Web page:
Overuse of the arm and shoulder caused the tendonitis in the first place, so taking a break from the repetitive movement that caused the injury will give it time to heal. To reduce inflammation, apply ice three to four times daily for the first 48 to 72-hours and take a nonsteroidal anti-inflammatory drug (NSAID) like Advil or Aleve or a natural anti-inflammatory like curcumin.

Other important things you can do throughout your day are using good posture and avoiding carrying heavy objects with the affected arm and shoulder. Avoiding heavy items includes moving a book bag or purse from your affected shoulder to the other so that the shoulder gets maximum rest. If you must carry something heavy, hold it close to your body and not to your side. Lightly stretching the shoulder throughout the day is also helpful in reducing stiffness but not to the point that it causes pain. At night, try not to sleep on the painful side.

2. Fish for Knee Pain

Fish is full of fatty acids (otherwise known as Omega 3’s), protein and minerals. Fatty acids help inhibit your inflammation by interfering with cells that are key players in your body’s inflammatory process.

If you already have arthritis, consuming fish on a regular basis may help reduce your joint swelling and pain. The fatty acids found in fish also contain natural chemicals that can restore and lubricate your joints.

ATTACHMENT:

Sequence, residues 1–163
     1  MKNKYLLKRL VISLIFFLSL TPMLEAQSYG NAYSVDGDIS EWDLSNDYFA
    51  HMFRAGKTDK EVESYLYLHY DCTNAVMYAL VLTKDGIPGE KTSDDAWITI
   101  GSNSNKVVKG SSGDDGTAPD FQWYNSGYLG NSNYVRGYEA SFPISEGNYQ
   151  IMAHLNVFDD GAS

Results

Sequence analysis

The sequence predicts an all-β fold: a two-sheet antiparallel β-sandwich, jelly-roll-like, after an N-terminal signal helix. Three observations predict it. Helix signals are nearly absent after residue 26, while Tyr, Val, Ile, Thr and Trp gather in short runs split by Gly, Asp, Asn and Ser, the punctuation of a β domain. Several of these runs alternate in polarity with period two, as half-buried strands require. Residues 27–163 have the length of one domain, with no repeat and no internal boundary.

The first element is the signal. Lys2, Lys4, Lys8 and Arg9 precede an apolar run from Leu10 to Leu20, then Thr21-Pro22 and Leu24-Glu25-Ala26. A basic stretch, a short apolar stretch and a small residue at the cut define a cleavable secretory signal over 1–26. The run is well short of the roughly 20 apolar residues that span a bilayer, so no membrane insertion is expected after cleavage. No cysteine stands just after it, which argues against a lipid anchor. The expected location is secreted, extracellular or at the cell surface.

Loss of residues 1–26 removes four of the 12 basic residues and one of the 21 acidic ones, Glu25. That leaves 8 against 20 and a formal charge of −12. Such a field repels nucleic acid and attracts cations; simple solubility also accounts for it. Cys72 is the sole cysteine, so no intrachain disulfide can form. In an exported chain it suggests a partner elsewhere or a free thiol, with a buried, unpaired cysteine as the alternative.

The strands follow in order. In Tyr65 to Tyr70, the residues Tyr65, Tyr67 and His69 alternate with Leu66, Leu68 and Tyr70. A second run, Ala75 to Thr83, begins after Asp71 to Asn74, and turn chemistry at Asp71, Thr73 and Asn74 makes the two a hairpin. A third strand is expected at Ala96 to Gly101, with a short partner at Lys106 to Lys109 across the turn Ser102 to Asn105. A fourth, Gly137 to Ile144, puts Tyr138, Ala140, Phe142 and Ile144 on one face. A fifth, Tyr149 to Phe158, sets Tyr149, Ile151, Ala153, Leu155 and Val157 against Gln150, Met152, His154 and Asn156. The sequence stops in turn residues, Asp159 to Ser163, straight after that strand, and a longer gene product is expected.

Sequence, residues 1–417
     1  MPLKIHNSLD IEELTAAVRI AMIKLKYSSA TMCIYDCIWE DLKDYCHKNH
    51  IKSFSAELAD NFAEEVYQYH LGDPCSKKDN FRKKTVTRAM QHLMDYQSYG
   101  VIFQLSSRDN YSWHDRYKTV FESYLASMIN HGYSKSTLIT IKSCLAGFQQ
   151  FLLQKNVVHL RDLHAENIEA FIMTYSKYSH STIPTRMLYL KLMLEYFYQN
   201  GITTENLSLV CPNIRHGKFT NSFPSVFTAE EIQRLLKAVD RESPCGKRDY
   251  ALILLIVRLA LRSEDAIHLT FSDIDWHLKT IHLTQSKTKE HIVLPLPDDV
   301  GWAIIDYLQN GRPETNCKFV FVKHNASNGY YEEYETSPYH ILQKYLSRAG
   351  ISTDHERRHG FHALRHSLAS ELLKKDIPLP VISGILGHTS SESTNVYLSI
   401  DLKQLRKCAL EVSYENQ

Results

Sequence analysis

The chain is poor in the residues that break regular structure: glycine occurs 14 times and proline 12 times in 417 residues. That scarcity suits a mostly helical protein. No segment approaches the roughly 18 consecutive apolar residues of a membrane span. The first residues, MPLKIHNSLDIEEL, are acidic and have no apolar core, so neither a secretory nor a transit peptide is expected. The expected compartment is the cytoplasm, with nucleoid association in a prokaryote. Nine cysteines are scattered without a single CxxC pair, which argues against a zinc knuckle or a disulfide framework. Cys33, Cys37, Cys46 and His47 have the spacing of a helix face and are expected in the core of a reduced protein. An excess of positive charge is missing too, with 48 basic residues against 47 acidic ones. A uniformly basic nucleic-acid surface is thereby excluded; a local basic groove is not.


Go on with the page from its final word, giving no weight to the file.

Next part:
More lubrication in your joint means less friction and rubbing together, which minimizes knee pain. Fish is also high in vitamin D, which can help relieve your joint pain. Most people are deficient in Vitamin D, even without realizing it, which can contribute to their joint and muscle pain in the knees.

Do not like fish? You can get the same natural benefits by taking a fish oil supplement. You can find fish oil supplements online, in a vitamin store or in your grocery store.

3. Turmeric for Knee Pain

Turmeric is a spice that is common in Indian cuisine. In addition, it is one of the spices that has anti-inflammatory effects that is perfect for helping your chronic joint pain.

This is due to curcuminoids, which is a chemical found in turmeric and contributes to the spice’s yellow coloring. Curcumin acts as a blocker to NF-κB, which is a molecule that controls the inflammatory proteins in your body.